The woes of Burma today are deeply rooted in the inadequate constitutional drafting of 1947. The Union Constitution was rushed through to completion without reflecting the spirit of Panglong, or Panglong Seikdat. And lamentably it was still repeated today in the current Nargis Constitution, The ethnic homelands were recognized as constituent states but all power was concentrated in the central government. Almost all the non-Myanmar and Burmese democratic opposition groups are in agreement that the ethnic conflict and reform of social, political and economic cannot be separated from one another. And the only solution and answer is to amend the 1947 Constitution according to Panglong Agreement, where equality, voluntary participation and self-determination, of the constituent states, formed the basis for the Federal Republic of the Union of Burma or rather the Genuine Union of Burma.[5] The ethnic nationalities, especially in the cases of the Karen, Kachin and WA remained such a stumbling block as the Myanmar administrations fails to honours the principles of the Panglong Agreement.[6] 

Burma’s fundamental problem is not just about leadership, policy failure, dysfunctional institutions, rights abuses or fractured opposition movements. Categorically speaking, Burma is confronted with nothing less than a full-scale pathological process of internal colonization, this time by its own military. This is an evolutionary process which was set in motion since the coup of 1962 decisively established one-party military rule, where the military and the State cannot be separated. Indeed Burma has evolved into a dual-colony in which the population of more than 50 million citizens is being herded into a political space via the Orwellian “7-steps road map for democracy.” The ruling military clique backed by its 400,000-strong military will continue to make all decisions with massive societal and ecological consequences for the whole population; only this time their decisions are going to be made to sound constitutionally mandated, and in accord with the laws of the land. Further, this small group of men subscribe to an irredeemably myopic and toxic version of ethno-nationalism which refashions Burma along the old feudal lines where the majority “Myanmar and Buddhists,” as defined by these men in generals’ uniform, will be more equal in their Union of Republic of Myanmar.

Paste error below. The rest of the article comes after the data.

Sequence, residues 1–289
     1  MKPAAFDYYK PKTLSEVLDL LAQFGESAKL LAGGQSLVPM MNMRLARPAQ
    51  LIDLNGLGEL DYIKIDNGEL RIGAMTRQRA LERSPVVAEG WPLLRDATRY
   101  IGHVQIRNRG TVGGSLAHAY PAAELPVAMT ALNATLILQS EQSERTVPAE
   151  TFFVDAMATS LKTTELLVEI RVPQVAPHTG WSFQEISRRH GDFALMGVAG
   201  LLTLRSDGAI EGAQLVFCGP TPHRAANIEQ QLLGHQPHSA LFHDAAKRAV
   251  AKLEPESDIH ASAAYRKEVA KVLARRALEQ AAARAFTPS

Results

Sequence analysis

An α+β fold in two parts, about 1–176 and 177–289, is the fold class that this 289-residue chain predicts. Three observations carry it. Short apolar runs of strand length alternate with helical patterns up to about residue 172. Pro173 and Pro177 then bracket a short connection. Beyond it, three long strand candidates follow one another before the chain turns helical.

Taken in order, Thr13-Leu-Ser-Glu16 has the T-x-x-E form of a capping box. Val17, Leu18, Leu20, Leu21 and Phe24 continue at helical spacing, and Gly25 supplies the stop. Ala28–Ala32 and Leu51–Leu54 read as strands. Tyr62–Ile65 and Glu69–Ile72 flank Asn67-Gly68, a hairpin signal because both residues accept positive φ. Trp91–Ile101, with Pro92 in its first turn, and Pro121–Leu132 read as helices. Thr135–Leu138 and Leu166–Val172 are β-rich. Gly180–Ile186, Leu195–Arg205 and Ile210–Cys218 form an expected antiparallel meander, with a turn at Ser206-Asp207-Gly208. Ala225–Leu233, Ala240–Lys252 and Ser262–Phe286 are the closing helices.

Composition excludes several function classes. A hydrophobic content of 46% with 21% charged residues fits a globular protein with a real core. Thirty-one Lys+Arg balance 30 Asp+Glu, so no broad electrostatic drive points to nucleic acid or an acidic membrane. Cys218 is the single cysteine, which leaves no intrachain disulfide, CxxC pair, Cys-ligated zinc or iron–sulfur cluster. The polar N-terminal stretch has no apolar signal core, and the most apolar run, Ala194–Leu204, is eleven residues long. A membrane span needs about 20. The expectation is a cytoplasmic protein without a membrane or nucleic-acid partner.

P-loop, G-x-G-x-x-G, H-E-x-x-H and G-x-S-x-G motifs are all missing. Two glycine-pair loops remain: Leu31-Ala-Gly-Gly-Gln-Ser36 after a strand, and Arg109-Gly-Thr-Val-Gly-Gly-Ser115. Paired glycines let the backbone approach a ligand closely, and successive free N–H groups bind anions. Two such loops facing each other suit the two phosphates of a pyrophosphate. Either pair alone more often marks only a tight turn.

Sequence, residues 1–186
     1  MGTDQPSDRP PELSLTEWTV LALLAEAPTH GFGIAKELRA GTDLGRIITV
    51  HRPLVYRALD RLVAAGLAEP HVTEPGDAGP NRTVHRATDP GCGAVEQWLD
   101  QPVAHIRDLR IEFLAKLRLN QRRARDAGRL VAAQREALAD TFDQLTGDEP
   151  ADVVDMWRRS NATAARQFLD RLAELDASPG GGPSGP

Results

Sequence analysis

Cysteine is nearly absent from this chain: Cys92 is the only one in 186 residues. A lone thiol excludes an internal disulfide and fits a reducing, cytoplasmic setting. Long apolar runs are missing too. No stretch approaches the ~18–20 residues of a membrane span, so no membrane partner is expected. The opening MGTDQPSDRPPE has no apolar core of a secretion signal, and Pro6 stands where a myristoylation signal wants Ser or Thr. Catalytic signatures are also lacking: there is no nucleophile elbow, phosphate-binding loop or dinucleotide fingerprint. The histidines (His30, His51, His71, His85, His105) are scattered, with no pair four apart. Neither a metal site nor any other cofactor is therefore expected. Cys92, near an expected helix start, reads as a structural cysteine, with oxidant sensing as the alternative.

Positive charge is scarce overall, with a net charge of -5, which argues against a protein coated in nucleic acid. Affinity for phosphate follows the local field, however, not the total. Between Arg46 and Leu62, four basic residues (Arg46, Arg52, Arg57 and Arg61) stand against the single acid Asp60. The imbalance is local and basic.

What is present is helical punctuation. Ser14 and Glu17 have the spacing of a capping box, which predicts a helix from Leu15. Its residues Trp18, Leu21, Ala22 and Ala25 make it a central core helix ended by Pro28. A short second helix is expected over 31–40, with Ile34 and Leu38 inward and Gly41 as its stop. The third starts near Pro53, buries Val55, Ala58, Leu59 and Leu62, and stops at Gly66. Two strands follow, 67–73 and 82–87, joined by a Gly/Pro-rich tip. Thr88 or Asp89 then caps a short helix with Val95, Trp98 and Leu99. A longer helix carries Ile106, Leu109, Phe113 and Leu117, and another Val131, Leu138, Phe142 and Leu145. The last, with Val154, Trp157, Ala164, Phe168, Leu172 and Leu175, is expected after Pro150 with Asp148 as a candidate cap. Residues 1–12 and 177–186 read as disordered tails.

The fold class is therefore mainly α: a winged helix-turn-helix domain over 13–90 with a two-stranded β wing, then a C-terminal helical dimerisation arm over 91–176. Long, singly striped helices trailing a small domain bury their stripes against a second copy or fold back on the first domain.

Needless to say, the generals will pay lip service to ethnic unity and create nominal space for the ethnic people while pursuing “Divide and Rule” as the overarching strategy. The ruling generals have rejected the federal spirit of ethnic equality and violently opposed any struggle towards a genuine federated Union. They have declared dead the Panglong Agreement of 1947, the founding document of a modern, post-colonial Burma, wherein ethnic equality was enshrined as an inviolable pillar of multi-ethnic Burma. Hence in new colonial rule under its own military, will control, subjugated or crushed.